( Note; the mention of Carl Strehlow above and the note that this work was only recently translated. Not many people know that a vast ... and I mean VAST collection of material relating to Indigenous culture remains untranslated from the German and is held in private 'trust' .

Carl Strehlow - Wikipedia

- what a story ! ... the whole story of Strehelow's life , as one of the first white families to penetrate and reside in central Australia, this was contiuned by his son Ted, who was born there .

The book below tracks the early settlement and his chldhood with the Aboriginals, his development to 'head man' , his amassing of tjuringa, the collapse of Aboriginal culture, his 'fall from grace', the fate of his collection of material, which was attempted to be seized by the Australian government - who backed down when it was threatened to be burnt ! Ohhh, the knowledge that must be locked up in that !

Broken Song: T.G.H. Strehlow and Aboriginal Possession by Barry Hill

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Mar 2019

Scholars of oral traditions have previously been sceptical of how accurately they reflect real events.
I am not sure how old that skepticism was, but I recall reading an anthropology article about 10 years ago that discussed the mind set of pre and post writing cultures. The core of the article discussed how our thinking changes when writing comes along, and we fall into the Chinese whisper phenomena as a consequence of our changed perception created by writing.


Ad Honorem
Oct 2016
Some of the old human skills ( generally, in the field of 'memory' ) did survive that changed perception . The 'old mind' and its memory and recollection , never depending on books and written word, came up with other methods.

One method that survived, during antiquity ;

Giulio Camillo - Wikipedia

' Memory Theater ' .


It was also reflected in classifications of hermetic themes .

Some modern people use a 'mental filing cabinet'


..... corridors of them . They dont have to 'remember' things , they just take a little imaginary walk into their memory, go to the appropriate file open a draw and read the card.

Now, imagine that imprinted onto landscape and learnt through song ; thats how people in Australia could go to an area (on one of their song lines ) they had never been to before, know the country and landscape and resources, where to find water , how it fitted into the overall ecological pattern ( what its 'specialties' where ) , what Law applied there (how to act in a specific area) , what associated psychological, developmental and initiatory principles where involved relating to the mythologies of the parts of the song that related too parts of landscape / country who lived there and how they where related . . . etc.

No wonder so many European explorers came to grief , trying to do it 'blind' ! Many survived due to help or even being rescued near death, by the people living well there.

In one case, a man traveling in a new area met some elders where he was staying and although they didnt speak his language, they knew an ancient song in his language, which they sang for him. They didnt know what it meant as they didnt speak the language, they where just 'holders' of the song (for others .... ' just in case ' ) but the visiting man could understand it .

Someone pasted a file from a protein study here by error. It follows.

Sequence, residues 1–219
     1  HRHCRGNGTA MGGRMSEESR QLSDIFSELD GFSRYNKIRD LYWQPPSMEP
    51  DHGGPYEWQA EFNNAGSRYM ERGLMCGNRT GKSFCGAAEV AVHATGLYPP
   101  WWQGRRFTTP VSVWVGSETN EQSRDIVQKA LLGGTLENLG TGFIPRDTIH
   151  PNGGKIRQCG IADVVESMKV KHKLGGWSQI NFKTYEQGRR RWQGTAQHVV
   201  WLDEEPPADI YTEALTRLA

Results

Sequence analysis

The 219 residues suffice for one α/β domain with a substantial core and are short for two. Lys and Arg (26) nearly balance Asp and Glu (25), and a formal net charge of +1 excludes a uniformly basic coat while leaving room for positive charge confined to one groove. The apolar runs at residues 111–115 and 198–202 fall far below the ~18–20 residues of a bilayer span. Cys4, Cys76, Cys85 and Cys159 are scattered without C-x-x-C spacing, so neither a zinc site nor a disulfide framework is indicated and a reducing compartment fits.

- That is another thing we have little knowledge of ; their communication network over a huge continent . Some of the song lines cover vast distances, from north to south through the interior, down the central east and across the bottom to the west coast - virtually coast to coast, up and down and across.


Ad Honorem
Oct 2016
I need to correct what I said above about a large portion of the Strahlow Trust being held privately - that has changed :

" A decade later, negotiations between his widow and the Northern Territory government led to the finalisation of the purchase of most of the collection in 1987. It was described by John Morton as containing "some '700 objects' (largely secret-sacred), '15 kilometres of movie film, 7,000 slides, thousands of pages of genealogical records, myths, sound recordings' and '42 diaries', as well as 'paintings, letters, maps' and 'a 1,000-volume library.' "

The Strehlow Research Centre at Alice Springs was established for the preservation and public display of these works "

At the same time, the knowledge 'at the source' also continued ;

" In an apparent paradox, once the Lutheran mission at Hermannsburg had sufficient confidence in the Christianised native community to accord them autonomy, and yield church leases on the area to their Aboriginal congregation, many local natives moved out, claimed their tjurunga rights to the land, and began to re-celebrate the older ceremonies. In his final return to the area, he was surprised to discover that his 'twin', Gustav Malbunka, who had once saved his life, and who had not only renounced his culture but become an evangelical preacher, was capable of singing tjilpa (totemic quoll) verses that once formed a key part of rituals that Strehlow thought were extinct. The culture, even among Christian converts, had been secretly passed on. "

( His ) Notable remarks
"There had been no kinder folk anywhere than the Australian natives."​

"We have to train ourselves to look upon the land of our birth with the eyes, not of conquerors, overcoming an enemy, but of children looking at the face of their mother. Only then shall we truly be able to call Australia our home. Our native traditions can help us to become finer and better Australians."​

Ted Strehlow - Wikipedia